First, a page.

Let’s face it, Nate is terrible. I could temper that with a ‘right now’ tacked onto it, but I’m not feeling particularly charitable tonight. I know it was the Rangers and they can hit, blah blah, Ranger Park at Arlington blah blah bandbox blah blah hitter’s park blah blah blah. Nate has managed to get through 6 innings only once in his last 5 starts. He is terrible. The end.

For extra fun details on his terribleness, let’s look at what he did today: 8 runs (6 earned), on 8 hits and 4 walks, with 5 home runs, one double, and two triples. In other words, of the 8 hits Nate gave up, NONE WERE SINGLES. They were ALL extra-base hits. Chew on THAT for a little while and see if it doesn’t make you vomit.

Oh, and he did all that in 3.2 innings. You know, just for added hilarity.

You think I’m done? I’m not done. It gets worse. Nate didn’t just give up 5 home runs in under 4 innings, he gave up TWO SETS OF BACK-TO-BACK HOME RUNS. Brandon Boggs/Michael Young went back-to-back to start the third, and Josh Hamilton/Milton Bradley went back-to-back to chase Nate from the game in the 4th. The lone home run was courtesy of Travis Metcalf, and was a two-run job. Nate was not just feeding his gopher, he was actually force-feeding it, as one would do if they were trying to make a sort of gopher foie gras.

So, OK, that’s about it for the sheer humiliation of this game, right? WRONG! See, they set off fireworks in Texas when a Ranger hits a home run. This is fine if home runs are being hit every so often, and there’s a bit of a wind to disperse the smoke. But tonight home runs were being hit CONSTANTLY, they were being hit in bunches, and there was almost no wind at all. This meant that after the Bradley home run (so 5 Rangers homers had been hit in under 4 innings), the ballpark was covered in a dense grayish fog. It was the smoke from the fireworks, see, and it wasn’t dispersing rapidly enough because a) the aforementioned meteorological conditions and b) there was so damn much of it at this point.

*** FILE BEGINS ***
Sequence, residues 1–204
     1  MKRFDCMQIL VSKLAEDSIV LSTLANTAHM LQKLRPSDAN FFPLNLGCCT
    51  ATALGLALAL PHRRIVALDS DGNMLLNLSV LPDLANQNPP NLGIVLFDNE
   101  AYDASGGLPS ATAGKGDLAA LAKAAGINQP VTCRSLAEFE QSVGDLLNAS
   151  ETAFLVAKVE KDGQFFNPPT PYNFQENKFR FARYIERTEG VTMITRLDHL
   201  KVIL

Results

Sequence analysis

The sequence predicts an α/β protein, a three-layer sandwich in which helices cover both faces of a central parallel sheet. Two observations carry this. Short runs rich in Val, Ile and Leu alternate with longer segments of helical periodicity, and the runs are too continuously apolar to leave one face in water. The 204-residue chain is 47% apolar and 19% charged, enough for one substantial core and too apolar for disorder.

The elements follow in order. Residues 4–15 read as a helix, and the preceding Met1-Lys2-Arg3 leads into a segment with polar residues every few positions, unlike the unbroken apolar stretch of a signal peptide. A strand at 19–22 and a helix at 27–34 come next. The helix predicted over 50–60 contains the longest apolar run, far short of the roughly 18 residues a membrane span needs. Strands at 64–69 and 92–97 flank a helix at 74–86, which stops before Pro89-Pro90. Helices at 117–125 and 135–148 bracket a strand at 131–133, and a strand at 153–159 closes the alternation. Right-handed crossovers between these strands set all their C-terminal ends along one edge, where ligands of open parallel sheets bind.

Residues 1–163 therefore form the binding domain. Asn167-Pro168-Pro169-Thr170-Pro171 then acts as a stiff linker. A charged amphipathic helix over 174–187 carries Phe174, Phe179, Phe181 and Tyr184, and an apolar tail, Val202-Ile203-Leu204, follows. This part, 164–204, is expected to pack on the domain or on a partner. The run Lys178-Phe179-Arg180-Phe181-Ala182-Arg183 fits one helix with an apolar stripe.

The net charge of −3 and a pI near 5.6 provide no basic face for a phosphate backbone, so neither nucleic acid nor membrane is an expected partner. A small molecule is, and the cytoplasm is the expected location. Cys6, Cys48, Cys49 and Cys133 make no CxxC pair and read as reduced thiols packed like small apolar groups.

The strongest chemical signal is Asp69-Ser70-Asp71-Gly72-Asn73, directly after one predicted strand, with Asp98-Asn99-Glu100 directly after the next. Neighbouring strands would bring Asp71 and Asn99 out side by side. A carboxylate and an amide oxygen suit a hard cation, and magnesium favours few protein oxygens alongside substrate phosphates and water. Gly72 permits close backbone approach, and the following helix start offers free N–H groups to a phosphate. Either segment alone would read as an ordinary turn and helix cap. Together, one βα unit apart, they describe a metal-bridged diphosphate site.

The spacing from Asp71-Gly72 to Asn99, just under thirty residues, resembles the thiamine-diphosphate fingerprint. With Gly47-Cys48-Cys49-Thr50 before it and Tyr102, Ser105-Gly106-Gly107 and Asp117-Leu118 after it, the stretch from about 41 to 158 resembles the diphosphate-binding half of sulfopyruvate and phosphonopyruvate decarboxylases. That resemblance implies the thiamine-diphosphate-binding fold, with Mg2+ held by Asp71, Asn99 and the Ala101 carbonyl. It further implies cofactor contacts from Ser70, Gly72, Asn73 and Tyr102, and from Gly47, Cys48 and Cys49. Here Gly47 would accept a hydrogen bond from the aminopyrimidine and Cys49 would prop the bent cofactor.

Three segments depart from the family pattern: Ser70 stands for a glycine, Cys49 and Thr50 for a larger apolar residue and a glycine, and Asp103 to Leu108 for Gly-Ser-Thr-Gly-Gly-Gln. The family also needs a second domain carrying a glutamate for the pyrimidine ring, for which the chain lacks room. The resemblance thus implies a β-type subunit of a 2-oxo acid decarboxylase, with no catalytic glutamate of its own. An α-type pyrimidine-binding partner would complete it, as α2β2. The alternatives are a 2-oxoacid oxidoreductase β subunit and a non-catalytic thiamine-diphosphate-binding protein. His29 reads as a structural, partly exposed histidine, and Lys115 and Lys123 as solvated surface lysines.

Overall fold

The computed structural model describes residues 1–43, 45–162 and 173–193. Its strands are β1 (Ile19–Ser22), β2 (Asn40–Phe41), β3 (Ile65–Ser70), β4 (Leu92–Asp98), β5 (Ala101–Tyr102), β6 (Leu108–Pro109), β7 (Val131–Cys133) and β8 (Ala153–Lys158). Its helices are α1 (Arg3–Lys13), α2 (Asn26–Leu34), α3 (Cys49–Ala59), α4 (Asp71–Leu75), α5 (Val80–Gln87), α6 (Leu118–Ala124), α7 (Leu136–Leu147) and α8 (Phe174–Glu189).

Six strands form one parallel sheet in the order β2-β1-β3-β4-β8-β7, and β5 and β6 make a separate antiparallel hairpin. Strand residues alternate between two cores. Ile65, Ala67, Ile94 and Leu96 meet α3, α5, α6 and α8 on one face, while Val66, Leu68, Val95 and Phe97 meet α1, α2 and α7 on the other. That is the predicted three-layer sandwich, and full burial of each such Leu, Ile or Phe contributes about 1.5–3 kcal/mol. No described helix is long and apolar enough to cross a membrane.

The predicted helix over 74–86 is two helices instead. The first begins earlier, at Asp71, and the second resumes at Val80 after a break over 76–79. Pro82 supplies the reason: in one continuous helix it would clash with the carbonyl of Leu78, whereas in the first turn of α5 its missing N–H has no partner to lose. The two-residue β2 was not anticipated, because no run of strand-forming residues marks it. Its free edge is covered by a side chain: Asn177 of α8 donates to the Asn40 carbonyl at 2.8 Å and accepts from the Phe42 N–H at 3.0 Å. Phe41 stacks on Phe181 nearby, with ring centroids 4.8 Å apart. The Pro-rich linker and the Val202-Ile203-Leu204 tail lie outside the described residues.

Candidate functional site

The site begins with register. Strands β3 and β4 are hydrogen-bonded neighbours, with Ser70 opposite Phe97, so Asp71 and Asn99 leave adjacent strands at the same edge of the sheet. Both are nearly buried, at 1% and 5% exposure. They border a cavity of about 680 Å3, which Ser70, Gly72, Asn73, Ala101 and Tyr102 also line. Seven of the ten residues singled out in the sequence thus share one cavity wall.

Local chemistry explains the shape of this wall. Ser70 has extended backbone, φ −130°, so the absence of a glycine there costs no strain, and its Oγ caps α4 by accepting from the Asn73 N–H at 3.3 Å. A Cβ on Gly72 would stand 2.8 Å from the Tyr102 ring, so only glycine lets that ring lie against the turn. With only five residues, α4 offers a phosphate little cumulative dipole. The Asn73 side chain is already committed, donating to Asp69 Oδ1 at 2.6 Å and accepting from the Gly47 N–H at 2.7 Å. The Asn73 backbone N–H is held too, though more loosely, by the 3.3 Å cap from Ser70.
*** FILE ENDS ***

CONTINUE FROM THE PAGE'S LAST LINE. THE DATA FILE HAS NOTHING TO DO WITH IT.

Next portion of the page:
Brandon Inge actually had to check with Aquilino Lopez, when he came on in relief, to make sure that he could see the plate through the haze. Embarrassing? Yes. Not nearly as embarrassing, however, as what happened with Aquilino’s first batter. Marlon Byrd hit a fly ball to right. Magglio went after it… and almost immediately started waving his arms wildly. The ball dropped in for a double. Maggs had lost it in the pale fog, much in the same way that white baseballs are sometimes lost in the white roofs of domed stadiums.